The first galaxies may have formed much earlier than previously thought, according to observations from the James Webb Space Telescope that are reshaping our understanding of early astronomy.
Researchers who use the powerful detector have now published papers in journals Astrophysical Journal Lettersdocumenting two unusually bright, very distant galaxies, based on data collected within days of Webb’s launch in July.
Their intense brightness points to two interesting features, astronomers at NASA press conference said Thursday.
The first is that these galaxies are very large, with as many low-mass stars as galaxies today, and they had to start forming 100 million years after the Big Bang, which occurred 13.8 billion years ago.
This is 100 million years earlier than the end of the so-called cosmic darkness, when the universe had only air and dark matter.
A second possibility is that they are made up of “Population III” stars, which have never been observed but are said to be made of only helium and hydrogen, the pre-heaviest elements.
Because these stars burn at extreme temperatures, the galaxies formed in them would not have to be very massive to account for the light Webb saw and could have formed later.
“We’re seeing very bright galaxies at this time, so we don’t know what’s going on here,” Garth Illingworth of the University of California at Santa Cruz told reporters.
The rapid discovery of these galaxies also contradicted the fact that Webb would need to search more space to find such galaxies.
“It’s surprising that there are so many that were created so quickly,” added physicist Jeyhan Kartaltepe of the Rochester Institute of Technology.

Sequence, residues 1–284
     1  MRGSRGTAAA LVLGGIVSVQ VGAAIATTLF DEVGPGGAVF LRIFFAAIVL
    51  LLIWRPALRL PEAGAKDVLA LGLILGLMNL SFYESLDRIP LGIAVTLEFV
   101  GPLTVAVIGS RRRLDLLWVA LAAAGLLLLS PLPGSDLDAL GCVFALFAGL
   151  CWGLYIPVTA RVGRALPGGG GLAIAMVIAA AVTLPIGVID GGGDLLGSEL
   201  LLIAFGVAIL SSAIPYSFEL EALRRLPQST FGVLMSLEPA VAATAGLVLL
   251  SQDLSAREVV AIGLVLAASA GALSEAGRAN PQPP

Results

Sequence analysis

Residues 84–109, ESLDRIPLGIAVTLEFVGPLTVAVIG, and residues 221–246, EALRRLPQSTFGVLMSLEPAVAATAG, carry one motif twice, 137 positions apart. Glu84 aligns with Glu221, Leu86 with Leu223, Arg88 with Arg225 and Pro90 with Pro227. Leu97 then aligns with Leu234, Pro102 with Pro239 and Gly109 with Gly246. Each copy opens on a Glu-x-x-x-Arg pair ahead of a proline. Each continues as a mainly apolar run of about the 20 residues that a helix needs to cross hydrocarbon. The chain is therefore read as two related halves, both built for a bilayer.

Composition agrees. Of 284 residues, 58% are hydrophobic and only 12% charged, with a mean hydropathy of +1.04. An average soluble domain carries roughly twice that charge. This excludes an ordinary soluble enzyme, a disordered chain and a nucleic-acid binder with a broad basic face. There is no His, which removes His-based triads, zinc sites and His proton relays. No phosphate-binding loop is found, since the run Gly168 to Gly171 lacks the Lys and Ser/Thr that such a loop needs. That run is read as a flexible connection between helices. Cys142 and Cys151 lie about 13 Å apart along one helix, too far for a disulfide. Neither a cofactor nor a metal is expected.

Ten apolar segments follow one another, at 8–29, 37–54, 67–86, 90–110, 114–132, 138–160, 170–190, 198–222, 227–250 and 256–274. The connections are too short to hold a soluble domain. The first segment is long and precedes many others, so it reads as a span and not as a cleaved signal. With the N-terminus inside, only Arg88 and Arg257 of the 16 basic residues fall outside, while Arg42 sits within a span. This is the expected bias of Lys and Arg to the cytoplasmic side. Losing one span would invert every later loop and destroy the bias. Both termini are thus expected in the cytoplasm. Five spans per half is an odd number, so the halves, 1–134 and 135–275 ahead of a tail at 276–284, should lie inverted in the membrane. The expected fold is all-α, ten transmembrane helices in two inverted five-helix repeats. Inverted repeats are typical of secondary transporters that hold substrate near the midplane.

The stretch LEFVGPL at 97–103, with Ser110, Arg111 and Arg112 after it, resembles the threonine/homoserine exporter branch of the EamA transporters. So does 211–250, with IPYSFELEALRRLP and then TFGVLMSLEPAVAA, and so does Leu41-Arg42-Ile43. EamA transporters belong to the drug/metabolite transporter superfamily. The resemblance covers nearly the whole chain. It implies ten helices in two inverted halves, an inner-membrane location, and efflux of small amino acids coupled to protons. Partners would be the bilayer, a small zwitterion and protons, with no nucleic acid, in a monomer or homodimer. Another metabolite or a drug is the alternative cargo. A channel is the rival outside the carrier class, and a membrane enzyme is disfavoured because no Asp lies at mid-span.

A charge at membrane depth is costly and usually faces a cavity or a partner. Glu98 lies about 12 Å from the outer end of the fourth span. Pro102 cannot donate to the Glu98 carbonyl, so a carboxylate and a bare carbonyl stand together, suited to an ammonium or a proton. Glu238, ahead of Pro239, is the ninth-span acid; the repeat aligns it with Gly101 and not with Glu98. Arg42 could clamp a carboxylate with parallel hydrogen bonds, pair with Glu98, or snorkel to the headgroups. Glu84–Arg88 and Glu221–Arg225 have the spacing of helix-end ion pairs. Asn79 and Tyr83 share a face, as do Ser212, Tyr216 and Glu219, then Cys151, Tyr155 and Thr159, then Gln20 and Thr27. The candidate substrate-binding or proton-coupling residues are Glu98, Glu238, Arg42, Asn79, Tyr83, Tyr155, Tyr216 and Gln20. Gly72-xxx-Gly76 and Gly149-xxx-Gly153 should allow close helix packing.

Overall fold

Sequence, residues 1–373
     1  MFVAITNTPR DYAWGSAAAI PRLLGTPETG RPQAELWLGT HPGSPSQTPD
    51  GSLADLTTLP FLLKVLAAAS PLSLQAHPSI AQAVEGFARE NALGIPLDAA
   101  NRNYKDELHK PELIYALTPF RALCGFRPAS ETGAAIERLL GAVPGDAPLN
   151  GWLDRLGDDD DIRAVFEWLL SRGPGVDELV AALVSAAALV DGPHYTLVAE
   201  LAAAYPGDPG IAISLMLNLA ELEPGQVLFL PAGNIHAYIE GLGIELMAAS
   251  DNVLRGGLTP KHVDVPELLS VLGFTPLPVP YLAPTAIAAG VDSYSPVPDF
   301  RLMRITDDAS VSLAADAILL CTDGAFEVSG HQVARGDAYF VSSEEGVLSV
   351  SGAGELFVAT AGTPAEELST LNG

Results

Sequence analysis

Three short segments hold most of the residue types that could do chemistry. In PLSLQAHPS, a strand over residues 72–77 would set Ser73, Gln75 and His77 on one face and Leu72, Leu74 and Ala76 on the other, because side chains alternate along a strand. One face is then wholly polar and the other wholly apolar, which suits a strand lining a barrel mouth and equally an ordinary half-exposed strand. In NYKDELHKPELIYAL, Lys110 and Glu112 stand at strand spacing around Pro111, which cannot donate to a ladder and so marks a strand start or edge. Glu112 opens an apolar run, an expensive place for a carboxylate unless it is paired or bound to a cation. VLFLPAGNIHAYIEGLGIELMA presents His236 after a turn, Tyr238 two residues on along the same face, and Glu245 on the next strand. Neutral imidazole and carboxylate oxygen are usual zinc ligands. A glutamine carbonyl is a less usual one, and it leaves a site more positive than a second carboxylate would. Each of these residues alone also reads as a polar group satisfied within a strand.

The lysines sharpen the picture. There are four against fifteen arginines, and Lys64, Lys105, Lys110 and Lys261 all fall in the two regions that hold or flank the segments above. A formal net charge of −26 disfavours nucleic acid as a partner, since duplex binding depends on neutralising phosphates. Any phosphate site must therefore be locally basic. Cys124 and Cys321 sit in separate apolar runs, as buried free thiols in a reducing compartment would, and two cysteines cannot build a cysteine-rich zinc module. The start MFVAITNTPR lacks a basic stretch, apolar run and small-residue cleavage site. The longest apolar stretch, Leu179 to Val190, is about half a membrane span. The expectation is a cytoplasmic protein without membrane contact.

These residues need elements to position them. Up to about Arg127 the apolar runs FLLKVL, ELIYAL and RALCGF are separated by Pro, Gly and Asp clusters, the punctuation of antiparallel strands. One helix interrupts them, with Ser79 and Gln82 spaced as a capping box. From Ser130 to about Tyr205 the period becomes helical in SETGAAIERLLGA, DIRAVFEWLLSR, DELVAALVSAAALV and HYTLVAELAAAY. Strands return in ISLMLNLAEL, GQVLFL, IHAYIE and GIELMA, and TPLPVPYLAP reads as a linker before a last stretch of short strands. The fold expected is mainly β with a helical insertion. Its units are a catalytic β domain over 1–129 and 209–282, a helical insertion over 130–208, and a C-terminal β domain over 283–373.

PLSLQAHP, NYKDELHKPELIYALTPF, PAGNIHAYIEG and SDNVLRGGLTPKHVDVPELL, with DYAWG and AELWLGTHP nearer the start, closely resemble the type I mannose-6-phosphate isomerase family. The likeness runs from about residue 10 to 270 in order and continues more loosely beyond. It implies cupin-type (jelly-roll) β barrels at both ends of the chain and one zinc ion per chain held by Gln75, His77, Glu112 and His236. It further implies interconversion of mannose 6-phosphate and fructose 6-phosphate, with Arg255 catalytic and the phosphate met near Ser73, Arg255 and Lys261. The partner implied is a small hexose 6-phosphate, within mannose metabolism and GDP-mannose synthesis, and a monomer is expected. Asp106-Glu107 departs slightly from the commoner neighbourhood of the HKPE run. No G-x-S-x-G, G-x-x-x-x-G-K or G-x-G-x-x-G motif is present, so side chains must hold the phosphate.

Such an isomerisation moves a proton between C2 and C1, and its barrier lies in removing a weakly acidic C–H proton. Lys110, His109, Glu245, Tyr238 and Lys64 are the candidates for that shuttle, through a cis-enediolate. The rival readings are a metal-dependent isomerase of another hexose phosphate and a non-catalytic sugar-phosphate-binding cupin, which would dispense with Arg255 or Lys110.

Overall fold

A lot of starlight
The two galaxies were found to have existed approximately 450 and 350 million years after the Big Bang.
The second of these, called GLASS-z12, now represents the light of a star never seen before.
When things are very far away from us, it takes a long time for their light to reach us, so looking at the distant universe is seeing the deep past.
When these galaxies are very far from the Earth, when their light reaches us, it has been stretched by the growth of the universe and moved to the infrared region of light.
Webb can detect infrared light at a much higher level than any previous instrument.
Illingworth, who co-authored the GLASS-z12 paper, told AFP that confusing the two competing concepts would be “a real challenge,” although the Population III concept was particularly interesting to him, as it would not require upgrading the existing species.
The teams hope to use Webb’s powerful telescopes – which analyze light from objects to reveal details – to determine the distances of galaxies, and better understand their formation.
The Atacama Large Millimeter/submillimeter Array (ALMA), a ground-based telescope in northern Chile, could also measure the mass of the two galaxies, which would help decide between the two theories.
“JWST has opened new frontiers, bringing us closer to understanding how it all began,” said Tommaso Treu of the University of California, Los Angeles, principal investigator on one of Webb’s programs.
© Agence France-Presse